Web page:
I miss it. Even after 6 months, being in that chair made my body automatically respond to certain things - like staying straight and level with the pedals, and even using the trim. My students didn't know what trim was and for the little tiny exercise, they didn't really need it. My hand just went for the trim wheel by itself. "How do you know when to use that?" one student asked. The flight sim operator told him to let go of the wheel and if the plane moved up or down, to move the trim in the opposite direction. My student was afraid to let go of the wheel. haha That along should tell you how real it seemed.

I can't wait to go back again. Hopefully I'll get some real flights in as well pretty soon. At the very least, I know the aerobatic flight is scheduled for May 19th.

Tuesday, March 26, 2013

#1 Rule of Aviation - Do what's best for you

It was awards night tonight at CAP. At first, I didn't think much of it, as I haven't been there long, so I didn't think it would really involve me. Never got my beginner awards from the last squadron, but I'm not really too concerned about it.

Also turns out I wasn't on the radios tonight either - that's next week. So excited that I got ahead of myself.

So they get started and the first person gets an award for Airbourne Photography, one of the emergency services qualifications. My heart leaps into my throat. Mission Observer is also an emergency services qualification. I contemplate hiding out in the bathroom. No joke- that really went through my mind. A few of my buddies get recognized for their achievements, so I get distracted and congratulate them. Before I know it, my name is called. I walked up to the front on auto-pilot. They said something about me, something about my achievements, but I didn't register what they said. I walked back to my seat with my new Observer wings.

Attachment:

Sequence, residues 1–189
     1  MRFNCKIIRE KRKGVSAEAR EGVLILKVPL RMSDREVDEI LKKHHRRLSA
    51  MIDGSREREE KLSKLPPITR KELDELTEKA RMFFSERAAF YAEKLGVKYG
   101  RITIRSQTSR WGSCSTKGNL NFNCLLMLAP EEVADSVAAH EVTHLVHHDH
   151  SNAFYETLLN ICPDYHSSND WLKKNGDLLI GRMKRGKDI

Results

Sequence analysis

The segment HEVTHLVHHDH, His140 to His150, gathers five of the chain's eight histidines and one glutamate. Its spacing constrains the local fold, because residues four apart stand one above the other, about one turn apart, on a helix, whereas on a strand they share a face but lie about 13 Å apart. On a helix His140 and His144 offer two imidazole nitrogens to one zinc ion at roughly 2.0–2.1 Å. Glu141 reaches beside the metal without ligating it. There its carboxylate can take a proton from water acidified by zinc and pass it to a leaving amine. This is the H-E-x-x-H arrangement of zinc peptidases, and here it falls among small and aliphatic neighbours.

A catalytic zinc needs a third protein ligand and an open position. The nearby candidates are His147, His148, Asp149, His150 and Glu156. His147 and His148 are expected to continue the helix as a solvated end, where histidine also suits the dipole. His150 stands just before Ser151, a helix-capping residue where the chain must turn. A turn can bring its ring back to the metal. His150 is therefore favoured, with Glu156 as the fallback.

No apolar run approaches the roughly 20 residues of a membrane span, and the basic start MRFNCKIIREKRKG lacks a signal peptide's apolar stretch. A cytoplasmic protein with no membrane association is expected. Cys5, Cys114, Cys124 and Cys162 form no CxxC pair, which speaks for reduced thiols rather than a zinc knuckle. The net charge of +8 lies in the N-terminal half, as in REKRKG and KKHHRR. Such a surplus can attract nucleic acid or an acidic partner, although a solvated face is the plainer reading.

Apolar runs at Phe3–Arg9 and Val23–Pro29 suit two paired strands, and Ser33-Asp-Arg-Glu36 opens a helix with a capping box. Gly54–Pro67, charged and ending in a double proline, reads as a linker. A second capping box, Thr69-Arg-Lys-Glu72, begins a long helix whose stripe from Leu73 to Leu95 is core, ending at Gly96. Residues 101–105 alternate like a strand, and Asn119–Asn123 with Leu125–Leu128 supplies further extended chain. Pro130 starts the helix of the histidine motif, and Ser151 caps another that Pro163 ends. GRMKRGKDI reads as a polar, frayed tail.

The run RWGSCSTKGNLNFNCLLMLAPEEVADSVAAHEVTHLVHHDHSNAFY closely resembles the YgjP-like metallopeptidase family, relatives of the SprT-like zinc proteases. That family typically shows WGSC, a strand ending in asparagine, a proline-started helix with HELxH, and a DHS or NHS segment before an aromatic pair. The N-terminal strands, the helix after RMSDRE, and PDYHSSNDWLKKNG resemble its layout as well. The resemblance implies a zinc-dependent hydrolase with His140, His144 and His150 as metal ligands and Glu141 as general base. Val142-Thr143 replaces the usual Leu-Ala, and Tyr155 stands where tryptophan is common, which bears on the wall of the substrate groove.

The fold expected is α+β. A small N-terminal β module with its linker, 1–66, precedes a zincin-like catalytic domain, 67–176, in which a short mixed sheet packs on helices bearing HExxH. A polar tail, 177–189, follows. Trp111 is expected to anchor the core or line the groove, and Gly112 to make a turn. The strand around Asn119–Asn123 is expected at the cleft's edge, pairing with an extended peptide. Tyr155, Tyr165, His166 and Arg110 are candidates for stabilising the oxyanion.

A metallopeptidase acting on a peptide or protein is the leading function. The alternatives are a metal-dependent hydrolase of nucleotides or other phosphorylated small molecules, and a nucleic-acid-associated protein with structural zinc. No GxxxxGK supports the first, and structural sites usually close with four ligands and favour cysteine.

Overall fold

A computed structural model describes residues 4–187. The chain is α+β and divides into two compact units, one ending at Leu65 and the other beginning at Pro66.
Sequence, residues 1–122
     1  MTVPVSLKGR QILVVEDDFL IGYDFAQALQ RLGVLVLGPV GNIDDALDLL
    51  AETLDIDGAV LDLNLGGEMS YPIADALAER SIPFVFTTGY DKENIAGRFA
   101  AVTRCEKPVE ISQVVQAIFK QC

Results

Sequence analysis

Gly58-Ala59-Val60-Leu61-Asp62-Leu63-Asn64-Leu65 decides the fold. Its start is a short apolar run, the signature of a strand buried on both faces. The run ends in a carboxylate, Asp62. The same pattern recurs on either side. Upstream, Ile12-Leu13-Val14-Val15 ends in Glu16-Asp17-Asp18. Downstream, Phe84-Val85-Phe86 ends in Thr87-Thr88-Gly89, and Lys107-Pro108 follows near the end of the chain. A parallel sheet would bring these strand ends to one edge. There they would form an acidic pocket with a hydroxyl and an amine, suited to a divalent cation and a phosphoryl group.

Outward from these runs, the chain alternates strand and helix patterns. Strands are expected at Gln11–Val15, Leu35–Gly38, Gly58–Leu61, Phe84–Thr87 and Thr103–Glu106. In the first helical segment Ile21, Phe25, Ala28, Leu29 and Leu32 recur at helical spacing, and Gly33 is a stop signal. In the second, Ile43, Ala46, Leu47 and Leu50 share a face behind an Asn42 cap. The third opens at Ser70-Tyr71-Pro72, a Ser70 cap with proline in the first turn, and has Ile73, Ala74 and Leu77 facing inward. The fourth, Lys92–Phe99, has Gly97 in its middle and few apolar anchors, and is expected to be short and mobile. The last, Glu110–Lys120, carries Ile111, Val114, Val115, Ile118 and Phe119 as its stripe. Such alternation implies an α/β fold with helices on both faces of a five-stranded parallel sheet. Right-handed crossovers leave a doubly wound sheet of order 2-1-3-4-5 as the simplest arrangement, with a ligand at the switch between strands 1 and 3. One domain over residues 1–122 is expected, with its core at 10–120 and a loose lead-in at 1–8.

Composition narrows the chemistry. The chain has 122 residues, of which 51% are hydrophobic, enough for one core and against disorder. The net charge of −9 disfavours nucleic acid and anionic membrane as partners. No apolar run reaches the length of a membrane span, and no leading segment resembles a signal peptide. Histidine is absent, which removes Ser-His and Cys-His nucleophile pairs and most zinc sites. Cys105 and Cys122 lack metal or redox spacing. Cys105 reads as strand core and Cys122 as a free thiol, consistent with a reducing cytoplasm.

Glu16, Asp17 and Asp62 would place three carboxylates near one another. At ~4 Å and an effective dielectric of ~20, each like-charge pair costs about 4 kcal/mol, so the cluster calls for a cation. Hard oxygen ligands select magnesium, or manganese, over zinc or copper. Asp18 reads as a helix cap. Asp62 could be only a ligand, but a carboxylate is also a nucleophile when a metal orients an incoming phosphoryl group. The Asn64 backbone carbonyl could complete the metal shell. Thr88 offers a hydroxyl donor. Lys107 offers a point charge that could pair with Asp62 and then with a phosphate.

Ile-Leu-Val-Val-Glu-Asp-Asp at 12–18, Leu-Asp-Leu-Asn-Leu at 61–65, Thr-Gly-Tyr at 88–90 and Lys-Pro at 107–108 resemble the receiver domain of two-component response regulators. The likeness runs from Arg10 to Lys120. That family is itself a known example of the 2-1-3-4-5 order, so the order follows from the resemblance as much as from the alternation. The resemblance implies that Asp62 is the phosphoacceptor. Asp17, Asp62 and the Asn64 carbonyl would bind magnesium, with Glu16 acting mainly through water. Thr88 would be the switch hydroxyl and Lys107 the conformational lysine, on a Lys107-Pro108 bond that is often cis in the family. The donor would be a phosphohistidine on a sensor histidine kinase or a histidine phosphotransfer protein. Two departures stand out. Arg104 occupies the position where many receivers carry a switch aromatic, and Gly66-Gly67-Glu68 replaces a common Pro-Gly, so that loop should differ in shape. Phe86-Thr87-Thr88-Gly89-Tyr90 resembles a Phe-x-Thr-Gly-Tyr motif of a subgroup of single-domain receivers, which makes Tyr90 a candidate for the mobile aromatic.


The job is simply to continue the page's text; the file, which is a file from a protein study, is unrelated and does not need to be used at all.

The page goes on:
My eyes filled with tears looking at them. They were beautiful and I've waited so long to have them. So very long... Not only the wings, but the title, the respect, and heck, even the flight suit that went along with the Mission Observer title. The person in charge of the missions and one step closer to Mission Pilot - the whole reason I joined this organization.

But they weren't mine. I still have a lot to learn with the G1000 and I most certainly am in no way, shape or form fit to be in charge of any mission. I'll get there, but I just don't have it yet. I require too much help in the cockpit to feel right about accepting these wings. Each "congratulations" given from my buddies and other members was like a stab to the heart.